Another collection of his that I liked was his Arquitectura de las Letras, a series of illustrations that used typography to create handsome architectural landscapes (showing his experience both as a letterer and as a architecture student). He also had many detailed, loving illustrations of Valparaíso, Viña del Mar, and Rapa Nui (Easter Island).
After I had pored over everything in the museum, I returned to the first floor, where there was a dark viewing room with a large television. I asked the lady at the front desk if I might watch the video (expecting a useful, bland documentary). She started the video for me, and it turned out to be a collection of 10-15 second cartoons he had made, a series called Una Sonrisa con Lukas (A Smile with Lukas). A sample cartoon: an elderly man is being chased by an angry rhinoceros, so he runs until he finds a handy tree, and climbs up it, only to realize he has actually just climbed up the bulky body of a now-angry python. Interspersed between the cartoons, there were interviews with him, as well as a drawing session in which he took a sketch of a navy ship and added lots of tiny entertaining details to it.
After a perusal of the gift shop, I headed back out into Cerro Concepción. I thought I might take a few pictures of interesting buildings, and then head back home. However, I kept seeing more and more interesting things, so I wandered quite far up the hill.
It’s a beautiful, colorful area: painted steps, sidewalk mosaics, towering varicolored churches, and thriving flora, all with the ocean looming in the background. It’s geared towards tourists, but that merely results in it feeling safe and tidy, with a few of the signs in English (which is rather rare elsewhere in Valpo). This is actually the first area in Valpo where I think I would have been just as happy to live as I am at V.’s.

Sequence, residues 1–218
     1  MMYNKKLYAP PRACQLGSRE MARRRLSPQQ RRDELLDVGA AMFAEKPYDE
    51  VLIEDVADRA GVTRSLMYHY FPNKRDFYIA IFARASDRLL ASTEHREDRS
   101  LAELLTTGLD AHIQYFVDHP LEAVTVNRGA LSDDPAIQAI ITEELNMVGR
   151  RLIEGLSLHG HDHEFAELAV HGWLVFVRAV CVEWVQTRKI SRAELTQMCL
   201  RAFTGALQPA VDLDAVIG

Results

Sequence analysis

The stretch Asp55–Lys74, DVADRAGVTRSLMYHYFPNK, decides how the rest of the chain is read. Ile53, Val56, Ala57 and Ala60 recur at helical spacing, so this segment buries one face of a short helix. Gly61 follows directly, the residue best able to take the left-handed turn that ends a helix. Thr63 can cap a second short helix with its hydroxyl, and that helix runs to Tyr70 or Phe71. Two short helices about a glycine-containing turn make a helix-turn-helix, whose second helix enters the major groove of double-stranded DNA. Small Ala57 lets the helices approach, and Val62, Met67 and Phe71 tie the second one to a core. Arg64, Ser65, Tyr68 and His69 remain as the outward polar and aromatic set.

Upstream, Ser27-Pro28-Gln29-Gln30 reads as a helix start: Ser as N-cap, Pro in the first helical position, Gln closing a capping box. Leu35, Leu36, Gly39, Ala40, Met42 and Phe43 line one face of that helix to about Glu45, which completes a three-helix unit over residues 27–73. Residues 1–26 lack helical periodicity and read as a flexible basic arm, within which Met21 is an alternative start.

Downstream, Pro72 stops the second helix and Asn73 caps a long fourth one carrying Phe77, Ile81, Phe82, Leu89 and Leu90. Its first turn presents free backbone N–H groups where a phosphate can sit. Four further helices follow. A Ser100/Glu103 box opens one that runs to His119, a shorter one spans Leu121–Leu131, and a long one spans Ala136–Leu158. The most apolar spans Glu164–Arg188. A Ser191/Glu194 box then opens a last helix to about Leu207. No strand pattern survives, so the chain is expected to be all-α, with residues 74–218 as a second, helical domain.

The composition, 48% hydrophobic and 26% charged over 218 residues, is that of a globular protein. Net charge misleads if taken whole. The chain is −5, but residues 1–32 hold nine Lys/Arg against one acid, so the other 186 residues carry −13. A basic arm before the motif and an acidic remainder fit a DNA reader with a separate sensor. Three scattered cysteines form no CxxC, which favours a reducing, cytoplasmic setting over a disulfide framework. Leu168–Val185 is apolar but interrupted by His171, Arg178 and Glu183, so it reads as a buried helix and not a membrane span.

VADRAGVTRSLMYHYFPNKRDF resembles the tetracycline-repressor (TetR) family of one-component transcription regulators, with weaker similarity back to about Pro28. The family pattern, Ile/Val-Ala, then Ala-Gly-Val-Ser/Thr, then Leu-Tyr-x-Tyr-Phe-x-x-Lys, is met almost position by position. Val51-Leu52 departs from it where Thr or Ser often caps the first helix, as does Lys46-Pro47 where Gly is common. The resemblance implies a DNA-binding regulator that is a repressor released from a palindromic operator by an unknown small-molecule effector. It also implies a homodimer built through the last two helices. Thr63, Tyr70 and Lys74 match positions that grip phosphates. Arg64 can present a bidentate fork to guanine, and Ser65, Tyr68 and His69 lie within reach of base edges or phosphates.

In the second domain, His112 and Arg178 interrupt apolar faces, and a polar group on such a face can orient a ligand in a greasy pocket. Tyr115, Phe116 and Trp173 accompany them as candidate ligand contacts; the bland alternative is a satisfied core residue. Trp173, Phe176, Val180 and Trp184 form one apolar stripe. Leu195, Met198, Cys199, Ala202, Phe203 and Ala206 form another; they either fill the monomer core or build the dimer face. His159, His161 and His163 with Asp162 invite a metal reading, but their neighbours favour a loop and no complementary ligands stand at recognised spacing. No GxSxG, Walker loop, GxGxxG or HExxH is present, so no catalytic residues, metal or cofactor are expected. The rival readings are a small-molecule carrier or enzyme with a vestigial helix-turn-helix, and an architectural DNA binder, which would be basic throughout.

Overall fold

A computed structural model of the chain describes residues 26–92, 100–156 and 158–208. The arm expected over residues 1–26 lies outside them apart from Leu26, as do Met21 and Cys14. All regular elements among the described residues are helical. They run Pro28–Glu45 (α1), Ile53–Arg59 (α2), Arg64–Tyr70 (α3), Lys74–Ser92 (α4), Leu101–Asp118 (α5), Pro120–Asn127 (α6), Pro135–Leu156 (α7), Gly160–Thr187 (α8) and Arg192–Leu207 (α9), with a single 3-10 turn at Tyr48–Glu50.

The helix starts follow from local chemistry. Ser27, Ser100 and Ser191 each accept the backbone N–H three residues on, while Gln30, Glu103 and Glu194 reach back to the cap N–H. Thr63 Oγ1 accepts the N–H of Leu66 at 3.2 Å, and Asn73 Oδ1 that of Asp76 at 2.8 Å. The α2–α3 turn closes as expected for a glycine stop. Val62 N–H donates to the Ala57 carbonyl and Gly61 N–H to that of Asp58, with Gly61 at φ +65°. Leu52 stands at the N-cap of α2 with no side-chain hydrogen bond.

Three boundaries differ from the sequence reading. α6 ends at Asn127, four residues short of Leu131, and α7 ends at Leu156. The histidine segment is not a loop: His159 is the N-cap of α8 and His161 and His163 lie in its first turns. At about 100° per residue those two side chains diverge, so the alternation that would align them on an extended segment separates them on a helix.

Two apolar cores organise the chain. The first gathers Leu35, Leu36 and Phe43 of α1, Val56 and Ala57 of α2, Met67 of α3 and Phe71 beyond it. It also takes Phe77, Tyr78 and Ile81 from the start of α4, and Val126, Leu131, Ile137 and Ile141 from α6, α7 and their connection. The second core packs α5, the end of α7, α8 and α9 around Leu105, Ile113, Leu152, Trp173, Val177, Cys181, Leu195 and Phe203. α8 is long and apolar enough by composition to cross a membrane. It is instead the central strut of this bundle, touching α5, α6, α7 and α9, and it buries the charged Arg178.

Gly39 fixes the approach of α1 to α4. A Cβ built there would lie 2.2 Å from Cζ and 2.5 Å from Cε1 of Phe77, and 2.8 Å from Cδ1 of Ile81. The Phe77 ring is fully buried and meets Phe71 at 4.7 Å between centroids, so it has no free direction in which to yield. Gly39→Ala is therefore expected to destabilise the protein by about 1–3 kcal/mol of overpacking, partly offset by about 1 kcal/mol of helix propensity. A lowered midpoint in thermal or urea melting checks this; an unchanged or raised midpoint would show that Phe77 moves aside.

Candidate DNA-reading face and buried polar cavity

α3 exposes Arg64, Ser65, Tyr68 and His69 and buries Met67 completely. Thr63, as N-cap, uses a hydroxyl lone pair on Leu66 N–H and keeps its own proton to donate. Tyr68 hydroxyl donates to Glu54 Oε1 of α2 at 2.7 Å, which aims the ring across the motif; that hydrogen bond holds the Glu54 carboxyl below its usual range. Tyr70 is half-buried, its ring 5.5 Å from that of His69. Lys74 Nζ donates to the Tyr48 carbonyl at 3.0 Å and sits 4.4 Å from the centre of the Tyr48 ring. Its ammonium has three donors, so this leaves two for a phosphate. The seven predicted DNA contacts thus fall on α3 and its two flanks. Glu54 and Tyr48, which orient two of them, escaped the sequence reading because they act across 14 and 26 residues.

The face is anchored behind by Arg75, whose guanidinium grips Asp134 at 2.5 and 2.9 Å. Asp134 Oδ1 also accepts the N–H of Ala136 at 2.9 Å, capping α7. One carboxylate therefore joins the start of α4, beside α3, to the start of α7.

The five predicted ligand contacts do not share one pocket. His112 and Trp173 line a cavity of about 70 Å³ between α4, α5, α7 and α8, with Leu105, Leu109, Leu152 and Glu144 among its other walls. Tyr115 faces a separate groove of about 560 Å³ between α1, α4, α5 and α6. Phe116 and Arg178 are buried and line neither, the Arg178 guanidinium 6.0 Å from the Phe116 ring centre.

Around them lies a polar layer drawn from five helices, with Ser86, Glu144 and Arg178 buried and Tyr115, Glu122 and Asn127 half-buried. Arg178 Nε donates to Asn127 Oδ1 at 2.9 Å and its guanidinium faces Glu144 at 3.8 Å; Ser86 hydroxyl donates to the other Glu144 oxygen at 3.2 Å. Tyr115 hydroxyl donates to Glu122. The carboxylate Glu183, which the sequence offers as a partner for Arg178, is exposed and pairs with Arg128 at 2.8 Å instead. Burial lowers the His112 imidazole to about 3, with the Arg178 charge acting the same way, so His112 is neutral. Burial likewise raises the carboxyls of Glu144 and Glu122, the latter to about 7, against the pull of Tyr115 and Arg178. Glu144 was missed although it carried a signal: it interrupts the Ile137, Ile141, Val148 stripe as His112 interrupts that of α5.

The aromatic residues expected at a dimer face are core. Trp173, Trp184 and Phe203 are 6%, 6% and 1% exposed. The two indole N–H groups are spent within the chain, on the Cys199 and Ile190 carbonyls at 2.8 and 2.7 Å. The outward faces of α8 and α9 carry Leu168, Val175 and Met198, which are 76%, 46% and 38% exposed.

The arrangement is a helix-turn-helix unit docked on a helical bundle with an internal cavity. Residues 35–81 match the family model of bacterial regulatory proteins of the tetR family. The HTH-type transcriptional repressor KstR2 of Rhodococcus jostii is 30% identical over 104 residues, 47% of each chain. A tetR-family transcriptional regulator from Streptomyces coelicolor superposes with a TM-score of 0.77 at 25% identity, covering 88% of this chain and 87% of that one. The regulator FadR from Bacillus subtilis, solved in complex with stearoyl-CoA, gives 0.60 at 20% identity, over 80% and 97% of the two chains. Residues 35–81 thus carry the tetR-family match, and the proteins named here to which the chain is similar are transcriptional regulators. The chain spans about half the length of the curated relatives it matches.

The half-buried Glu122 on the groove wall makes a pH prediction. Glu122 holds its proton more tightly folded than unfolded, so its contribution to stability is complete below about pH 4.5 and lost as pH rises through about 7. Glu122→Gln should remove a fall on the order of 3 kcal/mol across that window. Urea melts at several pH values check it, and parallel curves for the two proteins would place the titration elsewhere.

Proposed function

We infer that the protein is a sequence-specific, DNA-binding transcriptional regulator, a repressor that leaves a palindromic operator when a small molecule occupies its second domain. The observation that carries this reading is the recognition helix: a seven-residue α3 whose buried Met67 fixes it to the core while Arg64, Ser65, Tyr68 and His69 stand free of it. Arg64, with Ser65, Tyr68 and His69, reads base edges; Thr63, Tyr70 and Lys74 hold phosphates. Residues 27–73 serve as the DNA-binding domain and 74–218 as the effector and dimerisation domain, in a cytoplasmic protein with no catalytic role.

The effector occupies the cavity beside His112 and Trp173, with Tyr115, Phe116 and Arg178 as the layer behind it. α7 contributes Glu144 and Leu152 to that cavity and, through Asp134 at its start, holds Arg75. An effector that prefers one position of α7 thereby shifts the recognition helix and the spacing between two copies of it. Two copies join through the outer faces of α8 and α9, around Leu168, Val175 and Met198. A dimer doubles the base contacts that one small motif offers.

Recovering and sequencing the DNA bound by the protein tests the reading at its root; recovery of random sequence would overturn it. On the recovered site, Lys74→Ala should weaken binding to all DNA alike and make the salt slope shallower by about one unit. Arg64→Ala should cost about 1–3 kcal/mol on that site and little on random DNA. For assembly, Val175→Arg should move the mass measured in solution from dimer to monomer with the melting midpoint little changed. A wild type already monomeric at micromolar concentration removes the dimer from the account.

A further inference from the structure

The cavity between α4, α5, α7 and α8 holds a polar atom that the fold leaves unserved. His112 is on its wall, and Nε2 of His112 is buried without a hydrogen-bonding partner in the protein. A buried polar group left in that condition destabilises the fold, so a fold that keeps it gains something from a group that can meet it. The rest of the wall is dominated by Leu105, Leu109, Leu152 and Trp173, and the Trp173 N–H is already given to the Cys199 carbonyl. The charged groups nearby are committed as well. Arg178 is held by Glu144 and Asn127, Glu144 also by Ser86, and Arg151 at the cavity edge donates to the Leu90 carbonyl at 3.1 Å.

I returned home and began sorting through my photos, once again asking myself the eternal question of “Good lord, why did I think it was sensible to take this many photos?” On a boring-to-everyone-but-me note, today I passed the mark of 10,000 photos ever taken with my current camera, which means the automatic photo-numbering has begun again with IMG_0001. (PS: there are a lot more photos on my Flickr, as I didn’t want to make this blog post cumbersome by using too many of them.)
In the evening, I met up with E. and co., and tried a common Chilean drink for the first time: white wine with various fruits mushed up inside it (in this case, banana and apricot). Then, we headed to a karaoke place; I had confessed to E. a few weeks earlier that I wouldn’t mind visiting one, and the wondrous lady made it happen! After a lot of waffling, our friend J. started us off with a well-sung Aerosmith song. C.’s polola sung a lovely canción in Spanish. Then, I attempted Eurythmics’ Sweet Dreams. A little later, I convinced E. to sing a song with me (Pink Floyd’s Another Brick in the Wall), as it’s proper karaoke etiquette to harass your friends into singing, isn’t it? I also did Lily Allen’s LDN, nearer the end of the evening. I’m convinced that my voice is flaky and mediocre, but I nonetheless really love singing. As such, I was delighted that my friends were up for going to a karaoke place, and it was a fun and silly night.